Severe early-onset preeclampsia is not associated with a change in placental catechol O-methyltransferase (COMT) expression

Kirsten Palmer, Burcu Saglam, Clare Whitehead, Owen M Stock, Martha Lappas, Stephen Tong

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23 Citations (Scopus)


The genetic deletion of catechol O-methyltransferase (COMT) in mice produces a preeclampsia-like phenotype, with mice exhibiting hypertension, proteinuria, and histological changes, consistent with human pathological features. 2-Methoxyoestradiol, a metabolite of COMT, increases human trophoblast invasiveness in vitro under hypoxic conditions, providing further support that decreased COMT expression may have a role in preeclampsia. However, evidence confirming decreased COMT expression in human disease has been limited to small studies of placentas obtained from cases of term preeclampsia. We examined COMT expression in placentas obtained from healthy term pregnancies (n = 14), preterm normotensive pregnancies (n = 8), and pregnancies complicated by severe preterm preeclampsia (delivery at <34 weeks gestation; n = 22). Among our preeclamptic cohort were 10 pregnancies further complicated by HELLP syndrome (hemolysis, elevated liver enzymes, and low platelets); and one pregnancy complicated by an eclamptic seizure. COMT expression was analyzed by RT-PCR, Western analysis, and IHC. COMT was mainly expressed in the syncytiotrophoblast. We did not find a significant difference in placental COMT expression in severe preeclampsia compared with either term or preterm normotensive cohorts. Our results suggest that severe preeclampsia may not be associated with a decrease in placental COMT expression.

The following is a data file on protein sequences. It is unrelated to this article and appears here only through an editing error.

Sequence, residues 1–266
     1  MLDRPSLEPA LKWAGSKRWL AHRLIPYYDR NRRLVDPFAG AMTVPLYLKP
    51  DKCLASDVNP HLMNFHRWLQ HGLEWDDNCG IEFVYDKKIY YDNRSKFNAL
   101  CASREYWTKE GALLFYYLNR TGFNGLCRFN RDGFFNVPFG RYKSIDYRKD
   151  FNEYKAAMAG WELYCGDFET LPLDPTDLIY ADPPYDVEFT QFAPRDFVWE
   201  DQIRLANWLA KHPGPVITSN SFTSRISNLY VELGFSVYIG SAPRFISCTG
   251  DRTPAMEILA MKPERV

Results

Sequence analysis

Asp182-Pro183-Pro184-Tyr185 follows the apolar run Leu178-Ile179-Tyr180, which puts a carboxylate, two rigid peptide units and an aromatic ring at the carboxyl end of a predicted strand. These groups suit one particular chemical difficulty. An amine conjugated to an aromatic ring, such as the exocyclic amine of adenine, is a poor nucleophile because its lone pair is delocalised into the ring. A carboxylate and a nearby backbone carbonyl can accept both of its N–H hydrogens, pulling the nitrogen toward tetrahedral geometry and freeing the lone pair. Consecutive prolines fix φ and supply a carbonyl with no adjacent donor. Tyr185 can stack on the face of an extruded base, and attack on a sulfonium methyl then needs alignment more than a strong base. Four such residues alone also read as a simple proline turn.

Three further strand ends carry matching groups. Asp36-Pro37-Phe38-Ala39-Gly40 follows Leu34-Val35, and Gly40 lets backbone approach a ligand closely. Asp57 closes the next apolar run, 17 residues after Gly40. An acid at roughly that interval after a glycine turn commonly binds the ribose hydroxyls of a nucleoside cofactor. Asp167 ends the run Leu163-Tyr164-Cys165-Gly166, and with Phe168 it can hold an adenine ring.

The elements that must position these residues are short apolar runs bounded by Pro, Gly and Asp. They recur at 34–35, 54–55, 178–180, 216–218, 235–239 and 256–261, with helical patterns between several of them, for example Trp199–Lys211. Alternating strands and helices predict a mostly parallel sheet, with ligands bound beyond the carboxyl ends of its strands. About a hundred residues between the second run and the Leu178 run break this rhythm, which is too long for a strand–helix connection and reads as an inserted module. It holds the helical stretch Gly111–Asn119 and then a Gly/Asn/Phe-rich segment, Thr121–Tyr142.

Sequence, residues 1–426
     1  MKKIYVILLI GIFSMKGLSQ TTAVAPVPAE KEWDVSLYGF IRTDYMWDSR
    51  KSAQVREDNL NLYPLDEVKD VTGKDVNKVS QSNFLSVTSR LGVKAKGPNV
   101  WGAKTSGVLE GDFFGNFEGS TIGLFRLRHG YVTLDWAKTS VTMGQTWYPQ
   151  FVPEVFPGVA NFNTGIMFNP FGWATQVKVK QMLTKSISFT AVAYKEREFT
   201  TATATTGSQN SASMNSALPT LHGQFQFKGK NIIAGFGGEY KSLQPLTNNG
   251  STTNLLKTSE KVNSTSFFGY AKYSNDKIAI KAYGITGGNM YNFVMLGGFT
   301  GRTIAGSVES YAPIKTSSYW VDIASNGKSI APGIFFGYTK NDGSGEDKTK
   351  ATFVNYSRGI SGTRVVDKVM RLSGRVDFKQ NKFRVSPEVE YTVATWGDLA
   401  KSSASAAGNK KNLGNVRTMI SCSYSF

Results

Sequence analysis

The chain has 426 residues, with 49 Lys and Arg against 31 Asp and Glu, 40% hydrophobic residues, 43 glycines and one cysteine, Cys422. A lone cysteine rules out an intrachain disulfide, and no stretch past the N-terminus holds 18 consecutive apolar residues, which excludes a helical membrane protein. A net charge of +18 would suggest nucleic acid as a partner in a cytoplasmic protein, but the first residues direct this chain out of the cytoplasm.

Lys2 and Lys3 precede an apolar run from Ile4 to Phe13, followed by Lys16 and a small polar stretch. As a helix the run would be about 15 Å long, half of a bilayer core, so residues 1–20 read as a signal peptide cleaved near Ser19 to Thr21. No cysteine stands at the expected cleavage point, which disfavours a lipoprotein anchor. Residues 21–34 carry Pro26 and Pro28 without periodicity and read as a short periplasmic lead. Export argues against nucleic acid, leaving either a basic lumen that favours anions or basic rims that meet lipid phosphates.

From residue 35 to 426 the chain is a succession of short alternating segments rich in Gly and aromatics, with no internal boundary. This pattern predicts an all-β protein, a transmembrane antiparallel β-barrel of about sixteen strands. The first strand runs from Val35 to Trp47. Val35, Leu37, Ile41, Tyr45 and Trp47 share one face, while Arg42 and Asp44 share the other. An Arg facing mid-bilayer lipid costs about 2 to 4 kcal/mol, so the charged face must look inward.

Original languageEnglish
Pages (from-to)2484 - 2488
Number of pages5
JournalAmerican Journal of Pathology
Issue number6
Publication statusPublished - 2011

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